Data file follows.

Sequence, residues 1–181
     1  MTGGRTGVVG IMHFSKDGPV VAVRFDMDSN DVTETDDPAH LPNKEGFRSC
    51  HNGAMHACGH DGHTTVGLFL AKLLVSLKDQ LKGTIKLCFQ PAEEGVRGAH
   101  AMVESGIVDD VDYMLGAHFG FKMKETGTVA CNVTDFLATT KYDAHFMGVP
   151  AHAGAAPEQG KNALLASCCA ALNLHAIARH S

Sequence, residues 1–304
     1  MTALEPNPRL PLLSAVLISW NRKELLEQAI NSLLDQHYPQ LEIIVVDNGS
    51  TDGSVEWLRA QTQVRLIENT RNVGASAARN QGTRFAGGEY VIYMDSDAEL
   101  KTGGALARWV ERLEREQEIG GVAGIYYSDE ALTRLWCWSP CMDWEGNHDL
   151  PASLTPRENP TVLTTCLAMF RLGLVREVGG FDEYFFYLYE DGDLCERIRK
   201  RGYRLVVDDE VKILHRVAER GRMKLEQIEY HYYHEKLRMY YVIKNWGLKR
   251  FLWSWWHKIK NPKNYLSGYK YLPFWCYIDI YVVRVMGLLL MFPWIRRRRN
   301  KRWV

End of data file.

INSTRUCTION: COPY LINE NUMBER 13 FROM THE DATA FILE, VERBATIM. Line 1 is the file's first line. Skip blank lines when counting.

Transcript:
   301  KRWV